On common ground
by Peter Sibon, email@example.com. Posted on August 9, 2012, Thursday
Sarawak political leaders transcend political divide in calling for review on petroleum royalty for the state
KUCHING: State leaders from both sides of the political divide strike a common ground in calling for the federal government to review the five per cent petroleum royalty paid to Sarawak in the past four decades.
Minister of Land Development Tan Sri Dr James Masing said the proposed special committee to be set up by the federal government to look into the petroleum royalties to the East Coast states should include Sarawak and Sabah.
“Since Sarawak and Sabah are the main contributors to the national petroleum production, both states’ royalties of five per cent should therefore be reviewed and revised,” Masing told the Borneo Post here yesterday.
However, Masing stressed that the quantum for Sarawak should be based on the recommendation of the special committee which must include people from the state.
Last week, Prime Minister Datuk Seri Najib Tun Razak had announced the Government’s decision to set up a special committee to study the petroleum royalties to the East Coast states.
Najib had said that the committee was given six months to study the matter before making recommendations to the federal government.
Minister in Prime Minister’s Department Datuk Seri Nazri Aziz had also said that the setting up of such a committee would put to rest all questions surrounding the royalty payment.
Nazri said the formation of the panel could also be due to Najib’s own father, the second prime minister who had earlier promised royalties to oil producing states.
“The history is long with this matter. It went back to the time when Tun Abdul Razak Hussein told the Dewan Rakyat about giving oil royalties back in the 1970’s. So based on the speech, maybe Najib felt that something needed to be done and that’s why a committee was formed,” said Nazri in Kuala Lumpur on Tuesday.
Concurring that a review was timely, DAP state chairman
Wong Ho Leng said the Pakatan Rakyat had actually demanded that both Sarawak and Sabah be given 20 per cent as both states are considered “still far lagging behind in terms of infrastructure development”.
“Even our chief minister in his winding up speech during the last DUN Sitting acknowledged that the state is actually at least 20 years behind Peninsular Malaysia in terms of infrastructure development,” he said.
Wong pointed out that the state’s five per cent oil royalty “was forced upon us in the 70’s without true negotiation”.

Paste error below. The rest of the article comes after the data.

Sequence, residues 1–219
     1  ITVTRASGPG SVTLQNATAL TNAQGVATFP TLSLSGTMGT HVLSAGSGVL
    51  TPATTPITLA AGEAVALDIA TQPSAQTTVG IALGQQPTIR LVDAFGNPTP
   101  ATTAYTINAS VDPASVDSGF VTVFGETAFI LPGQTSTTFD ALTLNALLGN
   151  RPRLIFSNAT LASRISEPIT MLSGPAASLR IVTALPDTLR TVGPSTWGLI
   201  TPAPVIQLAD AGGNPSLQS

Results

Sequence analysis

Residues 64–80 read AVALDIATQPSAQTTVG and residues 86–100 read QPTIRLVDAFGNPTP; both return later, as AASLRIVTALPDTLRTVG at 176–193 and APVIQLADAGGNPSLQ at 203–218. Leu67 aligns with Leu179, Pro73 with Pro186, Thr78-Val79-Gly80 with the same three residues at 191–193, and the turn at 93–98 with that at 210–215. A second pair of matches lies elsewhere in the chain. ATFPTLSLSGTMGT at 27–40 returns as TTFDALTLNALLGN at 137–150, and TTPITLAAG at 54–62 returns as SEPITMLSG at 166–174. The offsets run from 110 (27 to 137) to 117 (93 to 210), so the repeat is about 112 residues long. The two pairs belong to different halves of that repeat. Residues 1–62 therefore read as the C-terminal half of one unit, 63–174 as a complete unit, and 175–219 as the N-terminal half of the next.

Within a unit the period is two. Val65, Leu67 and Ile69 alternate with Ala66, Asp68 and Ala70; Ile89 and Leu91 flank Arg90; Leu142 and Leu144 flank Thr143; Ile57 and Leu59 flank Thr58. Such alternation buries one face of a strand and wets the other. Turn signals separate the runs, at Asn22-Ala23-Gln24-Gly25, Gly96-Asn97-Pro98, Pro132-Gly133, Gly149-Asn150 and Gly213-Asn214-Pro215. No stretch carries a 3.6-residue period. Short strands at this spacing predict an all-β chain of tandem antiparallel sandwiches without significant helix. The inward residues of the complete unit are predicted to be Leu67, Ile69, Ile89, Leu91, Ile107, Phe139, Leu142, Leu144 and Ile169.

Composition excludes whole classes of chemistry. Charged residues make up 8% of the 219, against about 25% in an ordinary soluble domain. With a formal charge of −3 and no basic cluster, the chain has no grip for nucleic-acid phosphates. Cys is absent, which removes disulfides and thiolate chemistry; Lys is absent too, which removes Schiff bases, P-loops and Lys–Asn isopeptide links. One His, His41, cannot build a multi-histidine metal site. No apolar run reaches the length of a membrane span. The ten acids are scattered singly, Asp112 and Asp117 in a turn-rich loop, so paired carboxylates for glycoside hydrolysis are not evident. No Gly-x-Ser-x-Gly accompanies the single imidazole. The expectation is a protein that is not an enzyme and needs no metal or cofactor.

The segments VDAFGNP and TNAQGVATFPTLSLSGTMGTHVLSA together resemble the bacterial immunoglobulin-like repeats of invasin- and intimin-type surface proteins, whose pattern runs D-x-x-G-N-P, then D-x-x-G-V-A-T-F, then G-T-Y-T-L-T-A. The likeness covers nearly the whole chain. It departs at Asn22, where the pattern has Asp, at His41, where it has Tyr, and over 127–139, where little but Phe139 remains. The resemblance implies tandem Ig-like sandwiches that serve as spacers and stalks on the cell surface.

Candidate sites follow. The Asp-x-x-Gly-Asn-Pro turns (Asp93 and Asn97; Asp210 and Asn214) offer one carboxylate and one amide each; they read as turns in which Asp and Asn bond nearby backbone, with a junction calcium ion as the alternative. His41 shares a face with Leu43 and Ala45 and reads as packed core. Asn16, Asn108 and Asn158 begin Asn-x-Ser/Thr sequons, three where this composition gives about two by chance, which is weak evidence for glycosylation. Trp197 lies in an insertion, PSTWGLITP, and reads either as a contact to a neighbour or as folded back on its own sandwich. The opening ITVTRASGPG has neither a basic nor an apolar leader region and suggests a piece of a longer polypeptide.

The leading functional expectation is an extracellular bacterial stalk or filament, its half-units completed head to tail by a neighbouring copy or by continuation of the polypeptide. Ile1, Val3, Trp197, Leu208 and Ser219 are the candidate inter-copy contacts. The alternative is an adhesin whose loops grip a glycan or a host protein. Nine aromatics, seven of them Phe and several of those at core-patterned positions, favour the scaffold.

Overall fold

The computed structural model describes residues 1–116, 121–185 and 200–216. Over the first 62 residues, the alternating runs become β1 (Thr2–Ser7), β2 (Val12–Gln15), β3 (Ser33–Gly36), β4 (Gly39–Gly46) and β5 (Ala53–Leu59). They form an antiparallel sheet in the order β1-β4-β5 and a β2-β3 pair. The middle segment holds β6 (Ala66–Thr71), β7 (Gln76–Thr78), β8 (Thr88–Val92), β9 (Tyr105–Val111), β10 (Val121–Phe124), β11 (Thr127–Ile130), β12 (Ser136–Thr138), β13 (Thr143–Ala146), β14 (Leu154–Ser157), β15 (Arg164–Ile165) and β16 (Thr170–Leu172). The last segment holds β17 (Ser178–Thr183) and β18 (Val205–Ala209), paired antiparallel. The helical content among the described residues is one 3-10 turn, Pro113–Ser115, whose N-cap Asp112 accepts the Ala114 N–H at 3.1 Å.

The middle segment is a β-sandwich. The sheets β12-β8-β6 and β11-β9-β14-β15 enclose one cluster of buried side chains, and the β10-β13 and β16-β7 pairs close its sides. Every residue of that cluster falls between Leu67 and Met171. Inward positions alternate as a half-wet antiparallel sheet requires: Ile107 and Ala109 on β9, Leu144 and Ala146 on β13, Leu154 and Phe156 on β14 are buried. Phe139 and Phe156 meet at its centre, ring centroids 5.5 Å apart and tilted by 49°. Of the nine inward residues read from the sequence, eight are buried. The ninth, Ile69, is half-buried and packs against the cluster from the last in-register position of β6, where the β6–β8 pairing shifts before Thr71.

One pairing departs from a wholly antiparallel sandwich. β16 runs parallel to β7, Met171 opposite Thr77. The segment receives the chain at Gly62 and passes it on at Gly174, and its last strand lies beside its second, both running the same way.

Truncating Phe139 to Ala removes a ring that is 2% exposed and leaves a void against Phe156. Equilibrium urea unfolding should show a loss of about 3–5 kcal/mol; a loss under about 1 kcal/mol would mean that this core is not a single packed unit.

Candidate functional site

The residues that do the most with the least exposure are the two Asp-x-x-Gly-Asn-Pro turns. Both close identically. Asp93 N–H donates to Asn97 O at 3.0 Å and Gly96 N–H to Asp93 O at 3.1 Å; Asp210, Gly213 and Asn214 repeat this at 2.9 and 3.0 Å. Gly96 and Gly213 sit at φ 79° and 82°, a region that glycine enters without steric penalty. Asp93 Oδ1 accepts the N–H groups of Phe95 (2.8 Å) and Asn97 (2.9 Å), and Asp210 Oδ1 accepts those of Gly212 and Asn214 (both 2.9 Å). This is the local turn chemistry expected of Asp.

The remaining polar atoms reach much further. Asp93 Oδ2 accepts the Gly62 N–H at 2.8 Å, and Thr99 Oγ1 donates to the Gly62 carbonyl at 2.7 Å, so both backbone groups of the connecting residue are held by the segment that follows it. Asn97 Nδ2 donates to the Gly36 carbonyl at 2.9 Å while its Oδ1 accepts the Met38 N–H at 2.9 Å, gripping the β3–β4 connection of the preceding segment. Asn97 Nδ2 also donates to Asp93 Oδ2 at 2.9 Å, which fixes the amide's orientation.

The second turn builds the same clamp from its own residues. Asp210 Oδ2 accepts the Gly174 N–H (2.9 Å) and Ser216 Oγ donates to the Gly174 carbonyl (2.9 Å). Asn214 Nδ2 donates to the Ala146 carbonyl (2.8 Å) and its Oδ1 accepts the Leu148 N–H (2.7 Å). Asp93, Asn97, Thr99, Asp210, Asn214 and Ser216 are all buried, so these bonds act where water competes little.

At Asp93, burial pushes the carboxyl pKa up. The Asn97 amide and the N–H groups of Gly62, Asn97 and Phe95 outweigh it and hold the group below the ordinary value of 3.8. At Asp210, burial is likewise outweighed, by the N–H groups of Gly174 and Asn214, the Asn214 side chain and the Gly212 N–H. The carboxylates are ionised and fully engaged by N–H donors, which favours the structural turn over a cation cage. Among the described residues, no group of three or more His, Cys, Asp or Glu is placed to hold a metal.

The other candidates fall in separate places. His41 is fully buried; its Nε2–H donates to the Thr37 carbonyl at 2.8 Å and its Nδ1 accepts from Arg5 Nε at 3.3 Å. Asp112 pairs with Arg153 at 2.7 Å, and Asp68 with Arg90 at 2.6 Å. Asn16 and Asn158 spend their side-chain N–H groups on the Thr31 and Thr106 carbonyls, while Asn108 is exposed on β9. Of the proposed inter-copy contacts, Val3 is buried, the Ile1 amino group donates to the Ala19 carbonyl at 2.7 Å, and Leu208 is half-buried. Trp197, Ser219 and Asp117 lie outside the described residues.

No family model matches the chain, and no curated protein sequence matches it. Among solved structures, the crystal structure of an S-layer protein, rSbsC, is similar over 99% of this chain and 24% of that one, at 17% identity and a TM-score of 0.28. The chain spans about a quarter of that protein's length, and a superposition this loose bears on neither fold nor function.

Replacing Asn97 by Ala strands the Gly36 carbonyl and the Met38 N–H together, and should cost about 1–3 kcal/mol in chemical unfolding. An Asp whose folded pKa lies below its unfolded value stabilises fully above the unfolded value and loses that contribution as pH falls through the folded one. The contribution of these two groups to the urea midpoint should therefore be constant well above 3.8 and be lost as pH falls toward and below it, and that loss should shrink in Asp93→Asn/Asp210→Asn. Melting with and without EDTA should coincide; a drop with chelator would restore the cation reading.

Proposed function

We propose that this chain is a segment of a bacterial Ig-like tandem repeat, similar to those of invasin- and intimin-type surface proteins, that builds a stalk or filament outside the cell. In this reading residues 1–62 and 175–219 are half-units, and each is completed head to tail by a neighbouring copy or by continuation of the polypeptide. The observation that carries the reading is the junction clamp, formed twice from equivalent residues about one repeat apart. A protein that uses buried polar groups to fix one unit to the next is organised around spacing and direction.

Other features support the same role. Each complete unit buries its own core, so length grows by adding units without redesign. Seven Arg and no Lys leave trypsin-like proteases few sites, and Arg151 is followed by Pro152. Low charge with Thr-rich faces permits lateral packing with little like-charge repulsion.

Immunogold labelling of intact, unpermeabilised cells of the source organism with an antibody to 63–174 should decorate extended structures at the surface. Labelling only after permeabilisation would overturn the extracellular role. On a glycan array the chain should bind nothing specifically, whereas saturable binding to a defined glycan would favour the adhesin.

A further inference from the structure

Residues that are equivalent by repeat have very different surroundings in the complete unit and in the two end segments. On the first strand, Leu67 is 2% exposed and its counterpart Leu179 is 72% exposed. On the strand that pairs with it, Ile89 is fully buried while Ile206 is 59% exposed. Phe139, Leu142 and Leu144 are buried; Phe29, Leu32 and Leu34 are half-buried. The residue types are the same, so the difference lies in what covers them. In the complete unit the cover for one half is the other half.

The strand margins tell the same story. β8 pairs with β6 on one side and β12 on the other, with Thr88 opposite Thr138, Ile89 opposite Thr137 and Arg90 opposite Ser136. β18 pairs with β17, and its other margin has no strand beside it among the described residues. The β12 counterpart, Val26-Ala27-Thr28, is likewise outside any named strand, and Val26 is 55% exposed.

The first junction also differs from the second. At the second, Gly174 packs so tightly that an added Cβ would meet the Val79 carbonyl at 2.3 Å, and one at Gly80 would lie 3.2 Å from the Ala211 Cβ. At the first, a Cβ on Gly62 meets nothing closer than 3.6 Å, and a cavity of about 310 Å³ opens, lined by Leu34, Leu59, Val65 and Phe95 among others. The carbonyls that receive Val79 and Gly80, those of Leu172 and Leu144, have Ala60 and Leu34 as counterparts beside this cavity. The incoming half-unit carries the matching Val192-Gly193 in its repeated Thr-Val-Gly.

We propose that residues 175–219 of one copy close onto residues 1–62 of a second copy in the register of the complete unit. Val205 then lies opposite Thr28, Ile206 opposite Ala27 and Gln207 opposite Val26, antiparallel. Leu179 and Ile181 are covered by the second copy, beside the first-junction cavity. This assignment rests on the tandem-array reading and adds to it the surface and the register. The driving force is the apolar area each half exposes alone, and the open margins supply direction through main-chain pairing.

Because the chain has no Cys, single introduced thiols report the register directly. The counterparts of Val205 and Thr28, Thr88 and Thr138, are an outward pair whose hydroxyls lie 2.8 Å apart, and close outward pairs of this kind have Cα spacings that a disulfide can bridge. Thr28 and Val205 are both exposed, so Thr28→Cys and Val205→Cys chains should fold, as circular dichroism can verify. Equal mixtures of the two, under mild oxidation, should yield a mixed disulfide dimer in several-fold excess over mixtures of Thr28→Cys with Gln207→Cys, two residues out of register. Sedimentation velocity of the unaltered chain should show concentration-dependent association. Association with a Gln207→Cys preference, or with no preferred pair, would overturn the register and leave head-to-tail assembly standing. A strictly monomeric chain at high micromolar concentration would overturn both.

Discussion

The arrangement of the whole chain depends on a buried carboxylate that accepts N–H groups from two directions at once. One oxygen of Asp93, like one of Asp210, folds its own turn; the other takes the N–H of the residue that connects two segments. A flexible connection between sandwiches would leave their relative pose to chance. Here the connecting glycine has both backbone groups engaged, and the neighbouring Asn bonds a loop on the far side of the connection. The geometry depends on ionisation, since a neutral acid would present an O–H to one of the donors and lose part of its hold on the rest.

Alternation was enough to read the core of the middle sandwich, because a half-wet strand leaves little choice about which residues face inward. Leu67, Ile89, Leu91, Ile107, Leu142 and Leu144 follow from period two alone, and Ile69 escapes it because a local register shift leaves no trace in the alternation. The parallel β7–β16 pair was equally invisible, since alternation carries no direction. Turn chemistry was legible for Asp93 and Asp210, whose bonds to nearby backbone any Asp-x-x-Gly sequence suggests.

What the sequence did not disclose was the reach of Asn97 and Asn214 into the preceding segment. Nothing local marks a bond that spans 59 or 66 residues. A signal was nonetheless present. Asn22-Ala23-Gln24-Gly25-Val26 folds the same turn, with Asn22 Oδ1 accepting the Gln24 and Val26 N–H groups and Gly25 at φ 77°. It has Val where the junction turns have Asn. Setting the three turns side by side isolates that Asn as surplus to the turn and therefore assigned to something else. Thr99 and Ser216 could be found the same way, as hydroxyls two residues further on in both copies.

“Even the BN component parties from both Sarawak and Sabah have requested that oil royalty be reviewed on many occasions.”
Wong also stressed that with more money from oil royalty, Sarawak which he claimed was currently the fourth poorest state in the country and Sabah as the poorest would have more money to spend on development.
“It is the duty of the federal government to look into interests of Sarawak and Sabah to bring them at par with at least some of the states in West Malaysia,” said Wong, who is also Bandar Sibu and Bukit Assek assemblyman.
PBB and state BN deputy women chief Datuk Fatimah Abdullah opined that since the agreement on the five per cent was made more than four decades ago, it was time for it to be reviewed now.
“Petroleum production has increased due to technology advancement which means revenue would also increase. So it is only logical that the quantum should be reviewed,” she said.
Fatimah who is also the Minister of Welfare, Women and Family Development said Sarawak was still in dire need for better school facilities especially in the rural areas where most of them were built by the local councils in the 1960’s.
Assistant Minister of Public Health and Bengoh assemblyman Dr Jerip Susil believed that the state leaders were aware of the right quantum to be given by Petronas.
“But we must be aware that oil and gas exploration and prospecting could be very costly. So the present five per cent is better than nothing. The bottom line is of course if there is a review on the issue, Sarawak should be included as well, as we are one of the major contributors of petroleum in the country,” said Dr Jerip.
State BN and PBB and youth chief Datuk Fadillah Yusuf said that even though Sarawak cannot demand on the quantum for the oil royalty, he believed that Najib was willing to listen to the people’s needs for more funding for its infrastructure development.
“There is an urgent need for more funding for the improvement of both infrastructure development and closing the digital gap in Sarawak so that we can move in tandem with the rest of the country towards a high income economy.
“Without good infrastructure development such as roads, electricity and water supplies especially in the rural areas, the people in Sarawak would not be able to catch up with the rest of the country,” said Fadillah, who is also the deputy minister of Science, Technology and Innovation.